- Always‐on speech/voice controlled home automation:
Used an Arduino Ethernet and the EasyVR shield to develop a voice control interface for the Universal Device (ISY) Home Automation Controller. By integrating in a Mac mini with a custom service and a text-to-speech engine I was able to give voice responses to the commands. Source code and a further explanation of the project is available in the YouTube video below: https://www.youtube.com/watch?v=8Ws60Z2DVxg
- Phone Controlled Wireless Plant Watering Prototype:
Proof of concept using the Pubnub messaging service for providing a real-time integration between a Raspberry Pi and an iOS app. The goal was to build a wireless plant watering device that could be controlled using a mobile app that received instant feedback of watering cycle progress. See the prototype in action: https://www.youtube.com/watch?v=hE-eLWXusQQ
- Hand Gesture/Movement Controlled R/C Car:
Modified an R/C car from Target so that it could be controlled using hand movements. The project consists of an Arduino Mini Pro, Gyroscope/Accelerometer, a 3D printed handle, and of course the R/C car. This project was recently featured on Hackaday.com and Makerflux.com. Watch the car drive: https://www.youtube.com/watch?v=MP1wo0sJzMQ
What is your favorite AT&T API?
As technology evolves (and the AT&T APIs expand) so does my API of choice. Initially, my favorite (and most used) API was the AT&T Speech API. You can see an early example of this on my YouTube channel, where I’m using it to control my home automation system: https://www.youtube.com/watch?v=L1jwTz61urA
The AT&T M2X API is great – I’m currently working on a few projects that will utilize it exclusively.
How many AT&T Hacks have you attended and what prompted you to attend your first one?
So far, I’ve been to two local AT&T Hacks. The first one I attended out of curiosity was for the connected car, where I met individuals from the local maker space, and worked closely with kids from a private school.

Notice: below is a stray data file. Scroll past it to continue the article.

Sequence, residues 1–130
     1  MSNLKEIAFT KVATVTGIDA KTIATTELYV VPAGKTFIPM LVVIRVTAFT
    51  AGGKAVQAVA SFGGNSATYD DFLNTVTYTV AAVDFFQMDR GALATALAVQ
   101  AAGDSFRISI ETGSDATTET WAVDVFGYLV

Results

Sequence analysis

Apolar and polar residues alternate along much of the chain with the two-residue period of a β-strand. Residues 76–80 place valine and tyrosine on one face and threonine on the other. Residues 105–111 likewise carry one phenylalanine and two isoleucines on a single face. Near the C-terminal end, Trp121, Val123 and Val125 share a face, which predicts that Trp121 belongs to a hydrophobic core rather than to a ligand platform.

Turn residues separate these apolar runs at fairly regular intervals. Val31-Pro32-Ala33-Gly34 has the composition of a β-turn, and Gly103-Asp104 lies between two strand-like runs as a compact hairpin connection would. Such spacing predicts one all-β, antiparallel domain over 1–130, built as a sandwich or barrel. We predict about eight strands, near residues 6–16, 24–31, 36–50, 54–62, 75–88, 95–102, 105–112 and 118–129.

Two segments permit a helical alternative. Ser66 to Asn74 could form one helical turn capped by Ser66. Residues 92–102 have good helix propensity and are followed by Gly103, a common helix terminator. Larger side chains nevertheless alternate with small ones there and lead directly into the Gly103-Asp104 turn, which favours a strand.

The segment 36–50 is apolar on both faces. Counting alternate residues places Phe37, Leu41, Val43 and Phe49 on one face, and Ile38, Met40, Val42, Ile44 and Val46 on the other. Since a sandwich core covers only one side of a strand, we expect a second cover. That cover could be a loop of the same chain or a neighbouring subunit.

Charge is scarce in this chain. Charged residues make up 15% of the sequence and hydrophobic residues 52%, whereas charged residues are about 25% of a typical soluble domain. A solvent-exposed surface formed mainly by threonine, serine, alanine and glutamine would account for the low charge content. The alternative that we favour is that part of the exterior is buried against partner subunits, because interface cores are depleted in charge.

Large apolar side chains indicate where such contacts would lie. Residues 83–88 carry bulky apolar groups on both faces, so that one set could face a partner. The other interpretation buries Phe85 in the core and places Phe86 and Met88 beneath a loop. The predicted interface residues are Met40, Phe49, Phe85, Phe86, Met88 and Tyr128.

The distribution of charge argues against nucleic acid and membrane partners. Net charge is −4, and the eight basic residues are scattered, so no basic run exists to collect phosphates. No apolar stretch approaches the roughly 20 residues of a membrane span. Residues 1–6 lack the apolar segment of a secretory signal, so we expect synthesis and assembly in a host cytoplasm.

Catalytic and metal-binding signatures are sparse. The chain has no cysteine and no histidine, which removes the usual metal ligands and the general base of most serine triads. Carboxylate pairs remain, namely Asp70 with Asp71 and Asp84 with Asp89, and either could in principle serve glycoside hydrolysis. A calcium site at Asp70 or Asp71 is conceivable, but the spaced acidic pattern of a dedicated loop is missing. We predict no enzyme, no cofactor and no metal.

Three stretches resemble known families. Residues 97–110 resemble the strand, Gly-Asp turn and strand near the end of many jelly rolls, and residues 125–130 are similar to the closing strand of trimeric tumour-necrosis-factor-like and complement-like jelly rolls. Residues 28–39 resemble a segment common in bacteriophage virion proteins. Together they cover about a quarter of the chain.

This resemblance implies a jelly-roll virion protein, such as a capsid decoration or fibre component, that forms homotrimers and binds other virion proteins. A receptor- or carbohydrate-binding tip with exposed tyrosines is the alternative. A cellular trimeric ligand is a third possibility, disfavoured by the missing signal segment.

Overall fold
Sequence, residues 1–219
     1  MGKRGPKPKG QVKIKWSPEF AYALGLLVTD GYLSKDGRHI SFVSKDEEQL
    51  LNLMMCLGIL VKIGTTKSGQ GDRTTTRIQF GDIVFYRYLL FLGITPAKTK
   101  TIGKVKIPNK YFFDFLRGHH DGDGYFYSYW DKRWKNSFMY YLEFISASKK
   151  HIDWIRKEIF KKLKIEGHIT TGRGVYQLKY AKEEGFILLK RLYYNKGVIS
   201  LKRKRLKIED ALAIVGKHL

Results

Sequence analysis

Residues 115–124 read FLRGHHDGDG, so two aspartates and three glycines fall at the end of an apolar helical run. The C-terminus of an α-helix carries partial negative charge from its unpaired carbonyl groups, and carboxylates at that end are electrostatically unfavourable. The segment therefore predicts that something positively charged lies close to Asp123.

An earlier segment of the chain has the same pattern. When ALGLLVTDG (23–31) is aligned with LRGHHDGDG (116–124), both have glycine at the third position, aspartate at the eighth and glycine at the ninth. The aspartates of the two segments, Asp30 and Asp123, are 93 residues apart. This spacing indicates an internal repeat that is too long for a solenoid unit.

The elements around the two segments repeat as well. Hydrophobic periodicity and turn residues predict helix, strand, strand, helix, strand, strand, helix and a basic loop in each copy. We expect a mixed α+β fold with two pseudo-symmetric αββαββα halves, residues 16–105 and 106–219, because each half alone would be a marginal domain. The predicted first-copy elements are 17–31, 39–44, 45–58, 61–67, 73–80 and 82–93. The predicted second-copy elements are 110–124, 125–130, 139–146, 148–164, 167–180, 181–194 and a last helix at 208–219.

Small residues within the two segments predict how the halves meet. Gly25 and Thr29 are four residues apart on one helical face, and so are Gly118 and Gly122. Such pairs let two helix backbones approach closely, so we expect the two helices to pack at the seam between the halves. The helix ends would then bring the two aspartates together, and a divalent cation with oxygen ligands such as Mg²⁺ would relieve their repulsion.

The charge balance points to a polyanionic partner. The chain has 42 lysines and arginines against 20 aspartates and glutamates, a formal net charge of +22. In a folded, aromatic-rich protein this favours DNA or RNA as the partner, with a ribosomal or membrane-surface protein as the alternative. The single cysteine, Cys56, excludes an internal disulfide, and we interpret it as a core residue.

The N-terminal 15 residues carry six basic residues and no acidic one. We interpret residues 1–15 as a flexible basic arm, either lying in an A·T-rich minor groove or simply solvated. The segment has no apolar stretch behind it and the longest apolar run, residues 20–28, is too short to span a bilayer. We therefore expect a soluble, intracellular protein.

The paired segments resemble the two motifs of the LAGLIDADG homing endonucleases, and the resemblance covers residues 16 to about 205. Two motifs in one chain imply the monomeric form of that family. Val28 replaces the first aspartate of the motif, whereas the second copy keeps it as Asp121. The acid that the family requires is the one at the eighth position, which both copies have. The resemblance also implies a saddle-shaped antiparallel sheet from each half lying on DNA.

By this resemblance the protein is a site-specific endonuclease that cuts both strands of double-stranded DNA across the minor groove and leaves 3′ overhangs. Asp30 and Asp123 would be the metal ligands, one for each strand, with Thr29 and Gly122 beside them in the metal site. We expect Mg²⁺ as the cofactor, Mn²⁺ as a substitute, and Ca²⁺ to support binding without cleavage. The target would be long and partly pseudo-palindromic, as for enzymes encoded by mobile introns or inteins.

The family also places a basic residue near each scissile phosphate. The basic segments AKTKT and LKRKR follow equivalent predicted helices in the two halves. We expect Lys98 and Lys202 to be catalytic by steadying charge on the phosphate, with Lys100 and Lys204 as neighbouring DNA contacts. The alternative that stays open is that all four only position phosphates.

How have Hackathons helped you personally?
Hackathons are a great way to ignite innovation and meet other like-minded individuals. I use the time requirements (crunch) of a hackathon to push myself to start projects I’d otherwise never begin.
You have taken on some significant projects at hackathons – why?
Big (overly ambitious) projects are tough. If I were out to win or place at a hackathon I would definitely look at doing something accomplishable in 24 hours. For me, it’s always been fun to push myself as hard as I can, even if the goal/project completion isn’t possible. This has given me a great headstart on projects that I can finish at home, at a more realistic pace once the hack has wrapped up.
Thank you to Noel for sharing your experiences with us. Keep up with Noel’s hacks on Twitter or YouTube. You might also see him at one of the AT&T Hackathons in Dallas. You can see upcoming AT&T Hackathon dates and cities here. If you know anyone who should be a featured developer, we’d love to hear your thoughts.